That’s a 16MHz 18pF 50 Ohm SMD crystal. I don’t know how picky that particular design is for things like ESR and capacitive loading. If you’re using a microchip with a built-in RC oscillator you might be able to skip the crystal entirely. I recommend doing so for simple projects like this anyway, fewer parts, fewer things to go wrong. I don’t know if the 328p has one to use or not, but I assume not as those are pretty simple uCs. In any case, they’re loading it with 22pF per leg in parallel with whatever the chip loading is and coming up with 18pF, which, since you won’t get less than 22pF out of parallel capacitance, indicates that either I am clueless about how oscillator loading is actually calculated or that it doesn’t matter very much and you can probably choose a variety of values from a bit less to probably quite a bit more than 18pF and be fine (I would buy a stack of loading capacitors to tune it ranging from 7pF up to about 30 in 3-5pF steps if you really care - most designs are fine-tuned this way after initial production anyway - the board and chip loading cannot be perfectly calculated up front).
So start looking for a 16MHz crystal in the 50ohm-ish ESR range (probably 25 to 100 is fine, but you might read the 328p tech manual or other tech notes to be sure) that’s got a loading capacitance of between 12 and 30 pF and see if any of those are available. If so, get ye the thing and just do what I recommend above and swap out the loading caps (symmetrically) up or down a wee bit if it’s not making you perfectly happy out of the gate.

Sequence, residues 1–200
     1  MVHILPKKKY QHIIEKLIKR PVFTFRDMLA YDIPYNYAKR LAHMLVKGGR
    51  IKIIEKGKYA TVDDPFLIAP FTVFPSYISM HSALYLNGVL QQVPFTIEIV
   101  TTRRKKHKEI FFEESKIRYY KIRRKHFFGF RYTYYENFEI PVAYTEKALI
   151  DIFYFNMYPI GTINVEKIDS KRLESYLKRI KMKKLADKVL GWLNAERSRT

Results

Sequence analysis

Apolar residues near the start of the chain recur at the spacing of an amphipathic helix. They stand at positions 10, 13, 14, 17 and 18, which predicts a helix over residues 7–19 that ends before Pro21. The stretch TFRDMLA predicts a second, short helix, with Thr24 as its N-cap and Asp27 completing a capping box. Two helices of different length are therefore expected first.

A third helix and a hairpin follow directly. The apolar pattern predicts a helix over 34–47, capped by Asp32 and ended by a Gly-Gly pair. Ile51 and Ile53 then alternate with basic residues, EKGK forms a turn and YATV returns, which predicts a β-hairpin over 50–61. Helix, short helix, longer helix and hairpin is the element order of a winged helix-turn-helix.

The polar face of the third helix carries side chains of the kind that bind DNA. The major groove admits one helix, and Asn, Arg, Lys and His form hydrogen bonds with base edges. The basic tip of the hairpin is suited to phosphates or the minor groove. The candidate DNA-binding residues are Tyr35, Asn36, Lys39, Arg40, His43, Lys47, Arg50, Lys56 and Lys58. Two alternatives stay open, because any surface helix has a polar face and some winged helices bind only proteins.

Edit: Ok, I did a little research because I was curious and it turns out (from this StackExchange article) that the proper equation is Cload = ((C1 * C2) / C1 + C2), in other words, the series capacitance of the two capacitors PLUS the stray capacitance seen by that lead and the input capacitance of the MCU. This implies that they are estimating the input + stray capacitance at around 14pF, so you can adjust the caps to suit another crystal’s loading needs based on that. Now, you’re changing the board and thus the stray capacitance, so I’d still urge you to buy those extra capacitors in case you can’t get the oscillator to start properly with your guesstimate.